Sleep Discrepancy, Sleep Complaint, and Poor Sleep Among Older Adults

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Depression, Insomnia, Older adults, Sleep, Sleep discrepancy

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Objectives. Discrepancy between self-report- and actigraphy-measured sleep, often considered an artifact of measurement error, has been well documented among insomnia patients. Sleep problems are common among older adults, and this discrepancy may represent meaningful sleep-related phenomenon, which could have clinical and research significance.

Method. Sleep discrepancy was examined in 4 groups of older adults (N = 152, mean age = 71.93 years) based on sleep complaint versus no complaint and presence versus absence of insomnia symptoms. Participants completed the Beck Depression Inventory-second edition (BDI-II) and 14 nights of sleep diaries and actigraphy.

Results. Controlling for covariates, group differences were found in the duration and frequency of discrepancy in sleep onset latency (SOLd) and wake after sleep onset (WASOd). Those with insomnia symptoms and complaints reported greater duration and frequency of WASOd than the other 3 groups. Quantities of SOLd and WASOd were related to BDI-II score and group status, indicating that sleep discrepancy has meaningful clinical correlates.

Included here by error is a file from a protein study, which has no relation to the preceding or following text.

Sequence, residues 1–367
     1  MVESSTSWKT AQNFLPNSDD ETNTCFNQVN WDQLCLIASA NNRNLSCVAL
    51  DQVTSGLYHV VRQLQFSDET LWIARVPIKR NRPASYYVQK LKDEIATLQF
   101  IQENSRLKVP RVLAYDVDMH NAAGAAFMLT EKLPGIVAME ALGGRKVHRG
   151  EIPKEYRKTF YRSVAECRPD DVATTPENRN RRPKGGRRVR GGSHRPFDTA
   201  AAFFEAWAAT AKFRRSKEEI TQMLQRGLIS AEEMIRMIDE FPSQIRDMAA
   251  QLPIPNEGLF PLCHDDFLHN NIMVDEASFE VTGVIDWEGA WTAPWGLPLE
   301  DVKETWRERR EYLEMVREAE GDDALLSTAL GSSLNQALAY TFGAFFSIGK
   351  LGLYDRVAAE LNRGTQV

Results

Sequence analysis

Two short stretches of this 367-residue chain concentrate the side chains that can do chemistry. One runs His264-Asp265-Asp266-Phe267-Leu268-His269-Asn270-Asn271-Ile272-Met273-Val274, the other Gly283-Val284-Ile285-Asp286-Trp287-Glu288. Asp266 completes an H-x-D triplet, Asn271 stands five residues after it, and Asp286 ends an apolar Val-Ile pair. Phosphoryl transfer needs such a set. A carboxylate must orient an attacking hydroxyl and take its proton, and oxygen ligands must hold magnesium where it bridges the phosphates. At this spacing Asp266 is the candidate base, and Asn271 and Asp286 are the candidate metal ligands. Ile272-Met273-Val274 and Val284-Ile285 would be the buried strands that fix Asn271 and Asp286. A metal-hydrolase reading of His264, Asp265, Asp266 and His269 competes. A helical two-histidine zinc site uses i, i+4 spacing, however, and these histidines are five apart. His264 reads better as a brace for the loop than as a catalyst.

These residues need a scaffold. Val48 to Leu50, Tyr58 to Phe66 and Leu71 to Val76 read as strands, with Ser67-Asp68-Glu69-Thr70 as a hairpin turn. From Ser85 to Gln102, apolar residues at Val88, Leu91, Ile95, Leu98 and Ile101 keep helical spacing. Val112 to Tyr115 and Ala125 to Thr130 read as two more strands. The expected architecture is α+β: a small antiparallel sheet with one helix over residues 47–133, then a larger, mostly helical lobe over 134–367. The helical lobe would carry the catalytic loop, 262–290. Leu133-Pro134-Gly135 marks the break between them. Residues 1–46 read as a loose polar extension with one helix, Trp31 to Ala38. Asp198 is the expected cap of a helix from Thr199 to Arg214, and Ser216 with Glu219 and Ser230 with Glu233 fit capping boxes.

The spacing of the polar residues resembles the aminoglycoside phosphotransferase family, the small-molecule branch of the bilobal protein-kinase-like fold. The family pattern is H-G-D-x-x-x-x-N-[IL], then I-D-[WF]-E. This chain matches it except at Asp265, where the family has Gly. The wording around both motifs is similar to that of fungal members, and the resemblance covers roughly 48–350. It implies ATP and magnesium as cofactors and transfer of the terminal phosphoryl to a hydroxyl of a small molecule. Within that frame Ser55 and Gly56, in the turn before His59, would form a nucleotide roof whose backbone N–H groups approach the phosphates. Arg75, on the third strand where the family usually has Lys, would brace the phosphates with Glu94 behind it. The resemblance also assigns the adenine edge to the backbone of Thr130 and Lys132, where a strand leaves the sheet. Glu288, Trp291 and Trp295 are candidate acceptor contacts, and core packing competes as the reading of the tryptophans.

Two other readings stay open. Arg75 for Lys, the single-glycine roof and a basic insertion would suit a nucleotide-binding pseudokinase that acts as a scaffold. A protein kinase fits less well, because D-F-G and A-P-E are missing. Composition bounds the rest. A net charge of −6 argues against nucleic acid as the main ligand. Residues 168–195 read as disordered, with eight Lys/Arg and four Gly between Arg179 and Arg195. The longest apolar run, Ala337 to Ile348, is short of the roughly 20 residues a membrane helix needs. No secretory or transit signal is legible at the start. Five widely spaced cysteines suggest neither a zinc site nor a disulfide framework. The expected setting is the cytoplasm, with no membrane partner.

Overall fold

Discussion. Discrepancy occurred across all groups but was pronounced among the group with both insomnia symptoms and complaints. This discrepancy may provide a means of quantifying and conceptualizing the transition from wake to sleep among older adults, particularly those with sleeping problems.

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Citation / Publisher Attribution

The Journals of Gerontology: Series B, v. 68, issue 5, p. 712-720